When Morris Sullivan joins the navy in 1940, his hopes are high. Though he leaves behind his new wife and their baby daughter, he is thrilled to be pursuing his lifelong dream-only to be shipped off to Pearl Harbor when the war begins. When he narrowly survives the 1941 attack, thanks to the courage of a black sailor he doesn't know, Morris is determined to seek out the man's family and express his gratitude and respect. On leave, he tracks down the man's sister, and finds an immediate, undeniable connection with the nurturing yet fiercely independent Beatrice, who has left the stifling South of her upbringing for the more liberal, integrated north.
Though both try to deny their growing bond, their connection and understanding is everything missing from Morris's hasty marriage to his high school sweetheart Agnes, and from Beatrice's plodding life as she grieves the brother she has lost. At once a family epic, and a historical drama that takes readers from World War II through the Civil Rights Movement to the present day, A Life Apart is about a love that creates complicated and unbreakable ties between two families that live worlds apart. L.Y. Marlow brings readers along for the emotional journey as Morris and Beatrice's relationship is tested by time, family loyalties, racial tensions, death, unending guilt, and the profound effects of war.
Paperback, 400 pages
Expected publication: April 22nd 2014 by Broadway Books
I received an advanced readers copy of the book from the publisher via Edelweiss in exchange for an honest review. The expected publication date is April 22, 2014.
After reading the synopsis of this story I was really excited to receive this book as it was right up my alley. A historical fiction with some family drama is the perfect book for me. This book did not disappoint me with this.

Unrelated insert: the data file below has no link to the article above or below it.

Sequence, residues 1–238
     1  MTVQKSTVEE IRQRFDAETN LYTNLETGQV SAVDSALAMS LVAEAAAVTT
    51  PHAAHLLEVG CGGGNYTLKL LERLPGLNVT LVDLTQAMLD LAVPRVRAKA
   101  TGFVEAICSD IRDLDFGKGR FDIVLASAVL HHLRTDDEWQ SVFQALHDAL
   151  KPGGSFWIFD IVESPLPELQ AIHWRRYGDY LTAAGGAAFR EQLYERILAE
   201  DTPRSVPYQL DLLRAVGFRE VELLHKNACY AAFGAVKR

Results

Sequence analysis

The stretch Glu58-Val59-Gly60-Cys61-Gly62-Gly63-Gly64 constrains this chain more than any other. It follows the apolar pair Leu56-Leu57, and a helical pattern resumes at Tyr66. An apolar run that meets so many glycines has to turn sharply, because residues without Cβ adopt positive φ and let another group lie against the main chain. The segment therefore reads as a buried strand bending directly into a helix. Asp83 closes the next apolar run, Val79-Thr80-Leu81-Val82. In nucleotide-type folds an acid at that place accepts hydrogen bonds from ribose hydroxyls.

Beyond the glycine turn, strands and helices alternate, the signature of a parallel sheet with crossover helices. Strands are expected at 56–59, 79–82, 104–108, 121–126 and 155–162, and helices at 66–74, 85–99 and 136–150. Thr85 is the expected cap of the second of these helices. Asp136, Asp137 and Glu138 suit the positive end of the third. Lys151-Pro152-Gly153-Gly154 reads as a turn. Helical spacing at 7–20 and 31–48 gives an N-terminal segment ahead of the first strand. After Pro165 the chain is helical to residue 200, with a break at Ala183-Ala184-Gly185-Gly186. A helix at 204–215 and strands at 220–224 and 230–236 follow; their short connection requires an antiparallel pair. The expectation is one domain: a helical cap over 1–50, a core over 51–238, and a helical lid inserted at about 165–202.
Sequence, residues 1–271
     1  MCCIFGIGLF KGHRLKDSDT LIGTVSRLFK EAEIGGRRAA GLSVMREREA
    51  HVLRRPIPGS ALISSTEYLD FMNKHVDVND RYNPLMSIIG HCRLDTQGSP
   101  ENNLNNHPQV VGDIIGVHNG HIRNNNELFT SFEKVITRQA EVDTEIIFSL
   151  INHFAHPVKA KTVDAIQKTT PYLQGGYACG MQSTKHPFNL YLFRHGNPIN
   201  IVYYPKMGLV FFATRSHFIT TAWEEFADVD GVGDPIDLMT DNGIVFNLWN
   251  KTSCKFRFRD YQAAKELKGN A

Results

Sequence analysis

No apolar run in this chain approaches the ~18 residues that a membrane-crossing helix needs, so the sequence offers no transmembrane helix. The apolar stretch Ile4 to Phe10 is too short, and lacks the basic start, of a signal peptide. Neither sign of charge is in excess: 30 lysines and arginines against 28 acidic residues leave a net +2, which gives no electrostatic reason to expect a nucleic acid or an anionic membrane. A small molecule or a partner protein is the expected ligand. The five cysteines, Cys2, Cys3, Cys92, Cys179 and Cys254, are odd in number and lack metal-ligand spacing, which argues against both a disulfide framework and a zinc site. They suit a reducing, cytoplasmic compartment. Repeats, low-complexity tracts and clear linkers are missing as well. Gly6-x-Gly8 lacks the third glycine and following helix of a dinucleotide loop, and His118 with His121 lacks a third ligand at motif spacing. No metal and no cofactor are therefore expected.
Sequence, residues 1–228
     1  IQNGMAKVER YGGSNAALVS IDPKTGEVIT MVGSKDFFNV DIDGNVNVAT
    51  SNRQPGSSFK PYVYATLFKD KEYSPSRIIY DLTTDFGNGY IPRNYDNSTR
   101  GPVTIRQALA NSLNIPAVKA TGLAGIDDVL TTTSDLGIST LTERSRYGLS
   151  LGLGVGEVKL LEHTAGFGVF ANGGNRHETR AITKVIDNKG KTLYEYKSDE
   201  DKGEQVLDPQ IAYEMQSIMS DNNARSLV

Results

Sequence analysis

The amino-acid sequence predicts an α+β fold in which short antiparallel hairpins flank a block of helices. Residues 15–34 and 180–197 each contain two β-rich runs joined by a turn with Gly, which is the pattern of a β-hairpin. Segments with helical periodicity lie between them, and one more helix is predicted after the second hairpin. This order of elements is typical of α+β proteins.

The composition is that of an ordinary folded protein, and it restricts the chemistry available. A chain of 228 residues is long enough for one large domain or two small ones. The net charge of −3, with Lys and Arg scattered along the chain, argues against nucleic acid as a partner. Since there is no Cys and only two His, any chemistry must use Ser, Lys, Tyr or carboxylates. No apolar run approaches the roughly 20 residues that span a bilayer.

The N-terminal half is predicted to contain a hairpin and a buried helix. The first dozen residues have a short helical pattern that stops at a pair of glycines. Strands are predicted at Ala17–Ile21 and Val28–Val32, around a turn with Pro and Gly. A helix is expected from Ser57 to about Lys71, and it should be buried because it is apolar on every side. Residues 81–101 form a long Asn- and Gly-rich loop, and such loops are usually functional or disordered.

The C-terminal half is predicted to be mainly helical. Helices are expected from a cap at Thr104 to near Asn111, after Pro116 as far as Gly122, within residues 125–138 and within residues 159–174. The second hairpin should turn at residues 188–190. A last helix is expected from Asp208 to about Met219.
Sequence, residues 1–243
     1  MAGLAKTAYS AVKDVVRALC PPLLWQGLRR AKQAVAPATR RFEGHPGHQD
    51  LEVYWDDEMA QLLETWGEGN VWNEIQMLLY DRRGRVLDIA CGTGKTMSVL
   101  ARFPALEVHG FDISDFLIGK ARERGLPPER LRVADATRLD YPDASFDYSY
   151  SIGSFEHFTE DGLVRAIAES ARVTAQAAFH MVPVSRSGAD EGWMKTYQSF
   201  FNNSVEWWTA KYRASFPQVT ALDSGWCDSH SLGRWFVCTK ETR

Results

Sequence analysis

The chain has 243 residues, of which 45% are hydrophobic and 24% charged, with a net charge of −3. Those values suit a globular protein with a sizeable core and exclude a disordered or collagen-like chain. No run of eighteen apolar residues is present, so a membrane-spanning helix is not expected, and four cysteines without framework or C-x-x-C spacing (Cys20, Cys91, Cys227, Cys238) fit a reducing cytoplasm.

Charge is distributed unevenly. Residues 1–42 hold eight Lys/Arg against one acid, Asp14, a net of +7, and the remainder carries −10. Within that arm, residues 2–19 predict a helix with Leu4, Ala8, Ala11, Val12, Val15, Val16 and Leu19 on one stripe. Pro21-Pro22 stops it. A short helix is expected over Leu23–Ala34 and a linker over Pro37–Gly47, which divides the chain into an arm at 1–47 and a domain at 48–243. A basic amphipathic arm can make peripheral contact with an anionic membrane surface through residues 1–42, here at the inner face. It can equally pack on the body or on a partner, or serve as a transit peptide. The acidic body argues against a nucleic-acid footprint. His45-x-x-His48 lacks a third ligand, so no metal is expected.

Since I do not like to discuss the plot of a story in my reviews I am going to stick to how this book made me feel. The first point is the era in which this story took place. Starting with the events in Pearl Harbour up to the civil rights movement this story covered some very interesting and significant aspects of American history. Although myself no American I am fascinated with both events/movements. This alone was enough to keep me interested in the book.
Then there are the characters of Agnes and Beatrice. I adored both of them. Although both had been dealt some harsh realities, I found both women to be strong in their own way and likeable. I was cheering for both of them throughout the story and hoping that both would choose the path to a better life. For both of them their only flaw was Morris.....which leads me to discuss Morris.
I hated Morris. Despised him. Wished horrible things would happen to him. I'm not sure if this was by design that I disliked him so much or if the reader was supposed to sympathize with his plight. I could not. I found him selfish and cold from almost the first page. His inability to do the right thing was infuriating. If only he did the right thing for one person he could have been somewhat redeemed in my eyes. Instead he wronged everyone including his children. He is portrayed to be completely devoted to his children however giving complete devotion sometimes is not the same as always. I am getting angry writing this review just thinking about him.
I am still on the fence regarding my overall take on this story. On the one hand my utter distaste for Morris slightly ruined the book for me. On the other hand, if a story evokes this much emotion from me that has to mean something? To summarize this was a great story covering some historically significant times and dealing with interracial relations which was fascinating. The female characters were great and likeable with only one common flaw and that was who they chose to love. This was a good read.
My sister is currently reading this story and doing a review as well and I refuse to discuss it until she has finished and written her review. I am curious to know her thoughts and if she was a passionate about Morris as I was. I can't wait to discuss with her!